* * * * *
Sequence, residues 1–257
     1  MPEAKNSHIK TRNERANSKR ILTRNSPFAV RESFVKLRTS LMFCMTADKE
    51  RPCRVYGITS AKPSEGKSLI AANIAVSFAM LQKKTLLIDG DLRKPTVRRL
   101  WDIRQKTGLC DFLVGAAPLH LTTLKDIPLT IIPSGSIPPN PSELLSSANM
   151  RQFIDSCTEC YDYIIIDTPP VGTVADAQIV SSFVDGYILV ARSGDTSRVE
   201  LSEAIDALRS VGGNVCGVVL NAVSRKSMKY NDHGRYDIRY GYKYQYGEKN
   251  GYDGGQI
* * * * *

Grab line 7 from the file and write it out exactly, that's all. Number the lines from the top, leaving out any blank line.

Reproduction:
   251  GYDGGQI